This worm hit one of our servers, and the Microsoft-lovers in our server department blamed it on "a broken open source package", rather than "we haven't patched one of our minor servers since Stonehenge was built."
A new worm doing the rounds is turning servers running older versions of the JBoss Application Server into botnet drones. The malware behind the attack is significant both because it targets servers rather than PCs and for its reliance on exploiting a vulnerability that is over a year old – a flaw in JBoss Application Server …
Shows that we have to do our bit as well
I have just finished a series of security awareness presentations in regional offices and highlighted how long it took mobile phone network providers to force people to put a pin on voicemail before it could be accessed from another phone, 4-5 years, i.e. you cannot trust manufacturers to fix security weaknesses in a timely manner.
Red Hat fixed this quickly, but admins failed to patch, so while we can moan about industry being slow to respond, we need to look to ourselves as well. There was probably a false sense of security in that linux is is not often a terget, but these days, everyone is a target and when there is a security patch released, there should be someone applying it.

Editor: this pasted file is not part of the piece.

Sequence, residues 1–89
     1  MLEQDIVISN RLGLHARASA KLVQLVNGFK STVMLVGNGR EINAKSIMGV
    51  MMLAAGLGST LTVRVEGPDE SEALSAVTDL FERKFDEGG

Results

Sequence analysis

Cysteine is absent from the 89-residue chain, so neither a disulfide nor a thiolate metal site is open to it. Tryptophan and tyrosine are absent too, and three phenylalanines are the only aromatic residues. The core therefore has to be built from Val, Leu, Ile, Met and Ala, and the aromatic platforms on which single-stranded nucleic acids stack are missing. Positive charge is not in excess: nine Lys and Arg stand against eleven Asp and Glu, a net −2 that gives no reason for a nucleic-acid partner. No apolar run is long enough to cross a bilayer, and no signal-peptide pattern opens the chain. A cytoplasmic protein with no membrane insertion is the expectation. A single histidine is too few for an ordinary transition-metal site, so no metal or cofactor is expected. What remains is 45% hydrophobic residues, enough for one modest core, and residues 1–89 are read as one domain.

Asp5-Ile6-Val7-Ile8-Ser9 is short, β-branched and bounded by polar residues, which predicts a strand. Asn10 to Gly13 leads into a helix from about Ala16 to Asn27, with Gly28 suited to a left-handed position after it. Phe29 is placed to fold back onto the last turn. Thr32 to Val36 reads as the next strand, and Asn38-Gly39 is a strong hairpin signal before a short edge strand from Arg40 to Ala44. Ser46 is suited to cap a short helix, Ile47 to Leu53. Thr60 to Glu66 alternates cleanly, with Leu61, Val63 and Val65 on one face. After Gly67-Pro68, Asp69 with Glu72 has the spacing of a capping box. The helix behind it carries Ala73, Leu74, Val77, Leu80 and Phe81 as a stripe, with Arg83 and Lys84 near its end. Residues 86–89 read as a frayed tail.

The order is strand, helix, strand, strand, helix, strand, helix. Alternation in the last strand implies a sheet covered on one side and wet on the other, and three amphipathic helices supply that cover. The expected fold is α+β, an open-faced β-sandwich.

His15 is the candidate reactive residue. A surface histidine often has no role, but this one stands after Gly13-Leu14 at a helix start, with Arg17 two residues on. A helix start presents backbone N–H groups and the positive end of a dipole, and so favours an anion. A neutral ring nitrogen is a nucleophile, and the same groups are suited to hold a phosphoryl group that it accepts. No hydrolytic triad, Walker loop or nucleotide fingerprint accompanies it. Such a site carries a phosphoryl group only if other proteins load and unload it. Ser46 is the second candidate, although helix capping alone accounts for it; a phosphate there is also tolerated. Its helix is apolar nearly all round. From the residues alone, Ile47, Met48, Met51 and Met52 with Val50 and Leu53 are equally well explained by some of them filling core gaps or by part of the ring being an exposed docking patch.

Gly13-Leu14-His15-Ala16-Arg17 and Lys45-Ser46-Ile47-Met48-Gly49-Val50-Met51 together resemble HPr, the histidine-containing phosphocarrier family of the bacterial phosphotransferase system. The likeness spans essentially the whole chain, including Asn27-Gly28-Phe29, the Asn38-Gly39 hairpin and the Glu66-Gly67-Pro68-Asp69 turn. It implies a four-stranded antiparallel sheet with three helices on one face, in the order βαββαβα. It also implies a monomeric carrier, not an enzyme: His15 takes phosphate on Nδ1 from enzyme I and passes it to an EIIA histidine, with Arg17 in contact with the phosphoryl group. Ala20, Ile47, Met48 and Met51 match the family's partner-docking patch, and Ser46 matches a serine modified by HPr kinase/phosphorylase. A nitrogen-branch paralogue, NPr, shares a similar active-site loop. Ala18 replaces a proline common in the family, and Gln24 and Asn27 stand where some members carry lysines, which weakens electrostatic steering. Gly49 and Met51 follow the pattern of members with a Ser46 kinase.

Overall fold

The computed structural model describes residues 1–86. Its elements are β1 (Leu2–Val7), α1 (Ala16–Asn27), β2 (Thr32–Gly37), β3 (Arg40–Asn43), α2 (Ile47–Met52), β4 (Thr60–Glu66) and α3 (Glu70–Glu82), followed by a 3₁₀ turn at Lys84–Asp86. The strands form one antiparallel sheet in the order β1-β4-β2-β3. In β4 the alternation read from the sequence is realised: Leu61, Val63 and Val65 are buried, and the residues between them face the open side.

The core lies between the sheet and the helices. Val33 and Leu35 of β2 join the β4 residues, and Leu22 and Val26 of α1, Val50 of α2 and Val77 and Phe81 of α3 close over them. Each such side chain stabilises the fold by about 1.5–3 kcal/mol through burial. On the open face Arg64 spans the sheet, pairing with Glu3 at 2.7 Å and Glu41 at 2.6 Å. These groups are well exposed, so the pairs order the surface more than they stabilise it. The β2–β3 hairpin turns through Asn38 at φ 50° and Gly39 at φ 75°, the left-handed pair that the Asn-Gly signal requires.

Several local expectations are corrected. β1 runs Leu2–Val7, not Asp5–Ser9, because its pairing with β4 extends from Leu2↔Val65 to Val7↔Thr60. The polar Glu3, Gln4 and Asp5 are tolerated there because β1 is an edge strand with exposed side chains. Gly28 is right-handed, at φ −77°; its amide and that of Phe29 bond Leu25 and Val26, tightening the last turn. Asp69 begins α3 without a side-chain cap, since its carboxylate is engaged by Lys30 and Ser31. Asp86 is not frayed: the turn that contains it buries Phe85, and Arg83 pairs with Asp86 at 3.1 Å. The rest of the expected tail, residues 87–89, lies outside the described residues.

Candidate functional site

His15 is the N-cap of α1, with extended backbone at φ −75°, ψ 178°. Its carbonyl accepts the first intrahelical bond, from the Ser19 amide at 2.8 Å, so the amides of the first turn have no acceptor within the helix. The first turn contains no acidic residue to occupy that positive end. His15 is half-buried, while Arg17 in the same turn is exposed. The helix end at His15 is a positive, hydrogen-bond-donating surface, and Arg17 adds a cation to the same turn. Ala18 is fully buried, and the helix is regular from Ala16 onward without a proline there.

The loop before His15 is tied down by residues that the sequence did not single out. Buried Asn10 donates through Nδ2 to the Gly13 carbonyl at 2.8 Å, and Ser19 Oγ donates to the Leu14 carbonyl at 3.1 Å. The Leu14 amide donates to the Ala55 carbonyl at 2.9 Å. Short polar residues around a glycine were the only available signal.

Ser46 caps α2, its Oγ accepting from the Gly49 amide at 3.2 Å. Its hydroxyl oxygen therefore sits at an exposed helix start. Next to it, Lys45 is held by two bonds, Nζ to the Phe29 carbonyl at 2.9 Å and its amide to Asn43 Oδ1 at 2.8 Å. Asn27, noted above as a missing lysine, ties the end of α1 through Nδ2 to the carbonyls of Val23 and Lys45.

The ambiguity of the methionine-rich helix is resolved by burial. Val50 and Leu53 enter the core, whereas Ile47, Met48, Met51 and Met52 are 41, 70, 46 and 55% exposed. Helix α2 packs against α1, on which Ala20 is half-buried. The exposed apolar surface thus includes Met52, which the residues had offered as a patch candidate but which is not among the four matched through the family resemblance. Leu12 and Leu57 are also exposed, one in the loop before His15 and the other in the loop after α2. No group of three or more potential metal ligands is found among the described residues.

Yep. The script kiddies go for the low hanging fruit,
but the crafty thugs target tougher stuff because they have the bigger toys.
It could also be that outsourced code is crap.
Some a-hole lies to the headshop about his skillz then the headshop lies to the contract holder about the skill sets their code slaves have on tap. Then someones cousin steals the code off of the Internet and it takes the whole village to make something that looks like it works.
Outsourcing is phenomenally stupid idea. Unless you want to make room for bonus $$$ and want to kill the company.
So you advocate every corporation develops its own office application suite?
Sturgeon's Revelation applies to all programmer and all code, regardless of location. 90% of *EVERYTHING* is crud.
There is nothing magical about in-house developers that makes them immune from making mistakes.